1. Just ‘hang out’ at the front of your house, have breakfast or a cuppa out on the veranda, or a picnic lunch/dinner on the front lawn. The kids will find things to play with and you’ll likely meet plenty of passers by; some will probably stop for a chat.
2. Put a cubby, trampoline or other fun items for children out the front of your house. Invite the neighbourhood kids to come and play. You may find your street really only needs one or two of these big ticket items.
3. Have you got the perfect driveway for bikes and scooters? Then how about inviting kids to use your driveway to practice their skills. You could put some chalk elements on the driveway as an invitation.
4. Super simple, cheap and as easy as can be, tie a large rope to your letter box or a tree in your front yard and invite kids to skip. This could also be a great chance for local residents to stop for a bit incidental exercise on their morning or evening walk.
5. Have you got a great tree in your front yard that you could put a tree swing in? They are irresistible to kids and you are guaranteed to get passers by having a go.
6. Buy a big bucket of chalk and add chalk games to your driveway, pavement or street. If you make a different one each week, kids will be intrigued to find out what’s coming next. Hopscotch is a big favourite here, but we’ve also done target practice with a chalk bullseye and bean bags. Leave plenty of chalk out the front as an invitation for kids to draw.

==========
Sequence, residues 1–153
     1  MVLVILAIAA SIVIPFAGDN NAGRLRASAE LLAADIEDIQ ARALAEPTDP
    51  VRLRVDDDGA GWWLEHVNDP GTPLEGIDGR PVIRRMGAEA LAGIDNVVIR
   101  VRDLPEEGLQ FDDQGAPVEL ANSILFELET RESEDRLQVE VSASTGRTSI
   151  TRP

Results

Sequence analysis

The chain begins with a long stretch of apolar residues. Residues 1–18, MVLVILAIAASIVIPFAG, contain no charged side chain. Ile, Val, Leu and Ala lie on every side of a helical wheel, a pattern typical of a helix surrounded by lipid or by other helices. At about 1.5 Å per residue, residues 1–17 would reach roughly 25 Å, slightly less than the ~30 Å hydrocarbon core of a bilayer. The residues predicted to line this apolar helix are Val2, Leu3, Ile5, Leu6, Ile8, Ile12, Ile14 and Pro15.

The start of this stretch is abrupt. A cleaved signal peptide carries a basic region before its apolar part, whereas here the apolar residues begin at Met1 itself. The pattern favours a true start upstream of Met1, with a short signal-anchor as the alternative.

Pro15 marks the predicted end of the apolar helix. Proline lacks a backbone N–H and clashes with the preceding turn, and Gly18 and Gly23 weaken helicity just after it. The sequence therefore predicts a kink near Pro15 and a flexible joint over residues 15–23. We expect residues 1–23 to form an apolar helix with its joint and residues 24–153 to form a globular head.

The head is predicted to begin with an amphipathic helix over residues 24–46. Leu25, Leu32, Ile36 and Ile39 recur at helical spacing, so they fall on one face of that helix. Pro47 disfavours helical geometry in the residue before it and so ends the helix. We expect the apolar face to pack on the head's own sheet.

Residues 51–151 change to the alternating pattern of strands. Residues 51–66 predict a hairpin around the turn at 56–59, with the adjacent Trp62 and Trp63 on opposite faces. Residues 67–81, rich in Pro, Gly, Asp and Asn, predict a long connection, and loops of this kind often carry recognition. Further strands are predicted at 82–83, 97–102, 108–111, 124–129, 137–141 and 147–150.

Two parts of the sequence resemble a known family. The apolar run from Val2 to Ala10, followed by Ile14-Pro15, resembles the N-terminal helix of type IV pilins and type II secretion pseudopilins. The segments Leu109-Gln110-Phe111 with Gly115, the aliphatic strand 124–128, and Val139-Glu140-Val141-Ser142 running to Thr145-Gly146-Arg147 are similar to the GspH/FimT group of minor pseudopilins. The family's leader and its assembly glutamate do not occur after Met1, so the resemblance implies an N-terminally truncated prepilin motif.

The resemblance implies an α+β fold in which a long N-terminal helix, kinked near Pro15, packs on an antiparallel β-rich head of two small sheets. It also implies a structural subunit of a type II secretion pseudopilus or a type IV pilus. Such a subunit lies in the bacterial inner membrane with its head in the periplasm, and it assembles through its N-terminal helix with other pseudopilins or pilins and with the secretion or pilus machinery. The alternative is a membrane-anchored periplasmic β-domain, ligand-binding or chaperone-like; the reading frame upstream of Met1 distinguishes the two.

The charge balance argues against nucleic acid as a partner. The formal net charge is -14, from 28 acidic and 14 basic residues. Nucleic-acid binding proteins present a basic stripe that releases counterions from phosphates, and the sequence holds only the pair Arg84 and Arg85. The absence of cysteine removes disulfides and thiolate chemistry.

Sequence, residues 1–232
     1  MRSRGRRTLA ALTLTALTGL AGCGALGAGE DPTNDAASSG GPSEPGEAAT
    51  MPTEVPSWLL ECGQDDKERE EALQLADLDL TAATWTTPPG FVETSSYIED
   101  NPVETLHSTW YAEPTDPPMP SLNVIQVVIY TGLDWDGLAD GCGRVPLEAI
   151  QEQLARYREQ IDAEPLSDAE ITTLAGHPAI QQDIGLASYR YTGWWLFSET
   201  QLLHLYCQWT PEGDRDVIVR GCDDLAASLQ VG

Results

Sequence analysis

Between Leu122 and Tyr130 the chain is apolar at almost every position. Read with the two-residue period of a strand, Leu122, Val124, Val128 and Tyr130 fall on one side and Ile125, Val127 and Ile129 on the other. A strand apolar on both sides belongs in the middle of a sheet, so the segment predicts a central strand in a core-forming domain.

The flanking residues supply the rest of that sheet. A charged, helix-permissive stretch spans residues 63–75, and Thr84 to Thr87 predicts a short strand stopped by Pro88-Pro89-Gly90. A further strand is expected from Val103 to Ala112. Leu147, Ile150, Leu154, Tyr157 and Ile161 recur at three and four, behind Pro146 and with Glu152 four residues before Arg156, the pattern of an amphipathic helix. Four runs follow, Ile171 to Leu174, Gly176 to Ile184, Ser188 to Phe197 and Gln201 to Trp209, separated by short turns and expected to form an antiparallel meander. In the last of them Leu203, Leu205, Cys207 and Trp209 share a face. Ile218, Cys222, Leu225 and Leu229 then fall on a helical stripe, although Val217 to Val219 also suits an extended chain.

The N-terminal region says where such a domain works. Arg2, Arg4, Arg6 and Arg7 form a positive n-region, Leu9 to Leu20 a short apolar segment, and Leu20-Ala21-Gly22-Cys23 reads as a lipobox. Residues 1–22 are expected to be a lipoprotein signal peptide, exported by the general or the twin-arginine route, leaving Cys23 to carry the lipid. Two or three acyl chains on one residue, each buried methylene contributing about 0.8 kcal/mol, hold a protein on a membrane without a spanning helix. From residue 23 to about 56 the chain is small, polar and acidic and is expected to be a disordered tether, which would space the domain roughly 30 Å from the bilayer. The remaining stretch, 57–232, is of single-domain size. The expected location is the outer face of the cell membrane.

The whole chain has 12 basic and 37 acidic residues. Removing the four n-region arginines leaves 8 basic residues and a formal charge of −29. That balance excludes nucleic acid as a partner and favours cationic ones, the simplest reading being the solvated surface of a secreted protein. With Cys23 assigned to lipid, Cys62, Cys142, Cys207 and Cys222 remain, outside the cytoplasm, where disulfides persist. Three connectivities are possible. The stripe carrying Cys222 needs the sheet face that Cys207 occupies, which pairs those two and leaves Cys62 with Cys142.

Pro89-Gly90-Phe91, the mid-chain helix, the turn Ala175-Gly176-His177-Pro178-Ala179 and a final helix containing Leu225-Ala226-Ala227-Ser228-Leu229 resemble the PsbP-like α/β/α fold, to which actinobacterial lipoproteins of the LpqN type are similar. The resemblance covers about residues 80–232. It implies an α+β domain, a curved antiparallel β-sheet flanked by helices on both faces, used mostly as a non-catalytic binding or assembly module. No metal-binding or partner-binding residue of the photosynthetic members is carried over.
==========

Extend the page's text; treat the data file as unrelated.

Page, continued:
7. Plant fruit trees and/or build veggie patches out the front or your house. If you are happy to share produce; put up a sign saying kids are welcome to help themselves. Cherry tomatoes and beans are a winner with small hands. Front yard gardening is a GREAT way to meet your neighbours.
8. Place a geocache in your front yard. Geocaching is a world wide treasure hunt where small treasures are hidden and GPS coordinates recorded on an app. Hunters download the app and search for any treasures near them. You could quickly become the most popular house in the neighbourhood.
9. What about organising a street party, either for a special occasion like Easter or Christmas, or just because you feel like it? Pick a date and put some flyers in your neighbours letter boxes. You can either hold it on a suitable verge, your front yard or even apply to the council to close of your street. Some councils have programs to support street parties, or you may be able to apply for a grant.
10. Tear down your fence! Okay, this might seem a bit radical (especially if you’ve just built one) and sometimes it’s just not practical (if you live on a main road), but let’s face it, high front yard fences are a barrier to creating community. If you don’t really need that fence, then maybe you could consider removing it, or replacing it with a low picket or wire fence. If you were considering putting one up, perhaps reconsider.
And of course if you don’t have a front yard, or yours is just not suitable for kids to play in, you can still build the playbourhood by playing out the front at family, friends and neighbours. See you in the playbourhood!